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The main difficulty with removing lower molar teeth (including wisdom teeth) is the difficulty in ensuring profound anaesthesia. The lower jawbone is dense and nerve blocks may be successful only about 50-60% of the time (if insufficient waiting time and only a single block is utilized). Patients with heavy musculature and a history of bruxism are more likely to encounter anaesthetic failure because of underlying chronic inflammation in the tissues surrounding their teeth. This is the main reason why patients and dentists have difficulties with extractions or procedures on lower molars.
Generally, wisdom tooth removal involving surgical extraction can be carried out with only local anaesthesia. With local anaesthesia, you will not feel any discomfort or pain during surgery since the tooth and surrounding area will be totally numbed. General anaesthesic for wisdom tooth removal is hardly used. But it is occasionally used when the surgery is carried out at the hospital, which also requires other surgeries at the same time. If you are particularly worried about the surgery, sedation would be a good option to relax during the procedure.
Thank you for your question and please also see the article I wrote on frozen shoulders here. Wrt the surgical treatment, MUA is basically where you are anaesthetised and the surgeon manually moves your arm to break the adhesions. There is a the risk of other trauma to the shoulder but it is an option. The arthroscopic approach requires more finess and surgical training/experience. This is where the surgeon uses a minimally invasive approach to then cut away at the adhesions from within.
The short answer is yes. Any medication, given as a single dose, will recede in effect. However, anesthesia practice has a strong safety emphasis and safeguards to prevent this situation from happening. This is where maintenance of anesthesia occurs. Machines monitored by the anesthesiologist throughout surgery will provide the anesthetic medication while other measurements such as the blood pressure and heart rate, give indications of such events. Well established and researched levels of anesthetic are maintained during surgery as well to reduce such occurrences.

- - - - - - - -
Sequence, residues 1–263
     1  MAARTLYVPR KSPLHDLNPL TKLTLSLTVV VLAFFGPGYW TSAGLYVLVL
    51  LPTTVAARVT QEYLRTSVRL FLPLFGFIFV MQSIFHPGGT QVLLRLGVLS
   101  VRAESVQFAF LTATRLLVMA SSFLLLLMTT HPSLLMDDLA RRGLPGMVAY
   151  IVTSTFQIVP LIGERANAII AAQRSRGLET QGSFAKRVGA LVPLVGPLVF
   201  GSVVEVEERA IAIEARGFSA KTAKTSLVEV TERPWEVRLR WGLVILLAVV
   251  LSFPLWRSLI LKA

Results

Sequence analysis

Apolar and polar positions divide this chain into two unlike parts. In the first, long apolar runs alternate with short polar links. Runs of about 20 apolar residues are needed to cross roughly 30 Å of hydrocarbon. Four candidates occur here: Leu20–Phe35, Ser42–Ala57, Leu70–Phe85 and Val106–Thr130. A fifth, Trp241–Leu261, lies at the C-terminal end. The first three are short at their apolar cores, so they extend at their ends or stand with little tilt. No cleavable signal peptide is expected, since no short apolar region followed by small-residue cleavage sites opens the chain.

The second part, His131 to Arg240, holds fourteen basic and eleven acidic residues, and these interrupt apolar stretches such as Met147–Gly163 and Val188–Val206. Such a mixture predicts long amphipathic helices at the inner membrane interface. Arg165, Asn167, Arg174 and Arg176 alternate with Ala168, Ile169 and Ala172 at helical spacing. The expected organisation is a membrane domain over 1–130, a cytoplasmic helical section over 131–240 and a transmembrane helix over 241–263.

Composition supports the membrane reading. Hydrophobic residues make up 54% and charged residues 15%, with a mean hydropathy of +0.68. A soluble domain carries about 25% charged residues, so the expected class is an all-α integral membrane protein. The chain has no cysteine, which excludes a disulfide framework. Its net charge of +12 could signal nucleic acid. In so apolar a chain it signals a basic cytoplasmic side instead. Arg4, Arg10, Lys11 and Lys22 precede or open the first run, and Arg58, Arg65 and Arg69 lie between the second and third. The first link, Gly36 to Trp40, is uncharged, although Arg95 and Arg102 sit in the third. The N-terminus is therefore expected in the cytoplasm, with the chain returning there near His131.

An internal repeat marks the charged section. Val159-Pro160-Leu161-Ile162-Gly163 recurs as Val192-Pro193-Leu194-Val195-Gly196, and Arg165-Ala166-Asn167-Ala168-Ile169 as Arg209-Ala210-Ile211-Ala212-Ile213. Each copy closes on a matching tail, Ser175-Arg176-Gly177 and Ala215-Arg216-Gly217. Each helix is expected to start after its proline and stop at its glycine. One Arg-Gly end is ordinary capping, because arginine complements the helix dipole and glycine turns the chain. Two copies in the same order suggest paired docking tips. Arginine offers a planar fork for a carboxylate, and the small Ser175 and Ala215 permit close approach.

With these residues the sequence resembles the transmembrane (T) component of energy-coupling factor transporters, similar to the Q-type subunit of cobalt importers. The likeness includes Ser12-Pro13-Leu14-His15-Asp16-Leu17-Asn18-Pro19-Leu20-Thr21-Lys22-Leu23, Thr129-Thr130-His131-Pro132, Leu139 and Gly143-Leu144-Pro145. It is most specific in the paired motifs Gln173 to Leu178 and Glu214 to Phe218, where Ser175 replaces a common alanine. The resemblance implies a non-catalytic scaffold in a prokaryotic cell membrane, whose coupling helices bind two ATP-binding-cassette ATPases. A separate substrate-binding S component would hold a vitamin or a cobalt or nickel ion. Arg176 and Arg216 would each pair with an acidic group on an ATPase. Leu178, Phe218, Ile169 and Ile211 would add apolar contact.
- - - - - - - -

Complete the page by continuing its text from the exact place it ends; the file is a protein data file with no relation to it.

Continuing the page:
Hi, IV sedation is always optional. Dental procedures may cause discomfort and cause a degree of anxiety. Hence dental procedurists always administer various forms of medication for relief of anxiety. This may range from oral tablets to having medication injected intravenously. On occasion, deeper sedation may be required; this is where an anesthesiologist will be booked for the procedure. This doctor stays throughout the duration of the procedure, monitoring your oxygenation, heart rate, and blood pressure while adjusting the level of sedation medication. I hope this helps!
Contrary to rumours you hear, gastroscopy is not really painful. In fact, most patients do not recall the procedure at all thanks to the sedation given to them. The sedation is usually given through a small plastic cannula inserted into the back of your hand just before the procedure. there is also a spay treatment given to numb your throat before the procedure. Gastroscopy takes approx 15 minutes to complete and your doctor will be able to explain to you the findings at the end of the procedure. At times, tissue samples may be taken for inspection under the microscope.
In Singapore, the surgical procedure of liposuction is regulated by the Ministry of Health. Only certified doctors are able to perform liposuction. There are many regulations in place such as Amount of fat removed Choice of facility where the procedure is carried out. These determine the type of anaesthesia that is used.
Anesthesia involves the use of 3 classes of medication-1. Anesthesia2. Analgesia 3. Muscle relaxants (depending on type of surgery and assessment by anesthesiologist)Use of such medication by untrained people is potentially disastrous hence this reply will be brief. Do discuss any further queries with your friendly anesthesiologist prior to surgery. Anesthetic drugs are used to induce and maintain the state of 'deep sleep', loss of reflexes and amnesia. Analgesic medication reduces the pain response. This is not just numbing the body to pain as most welness practitioners may suggest.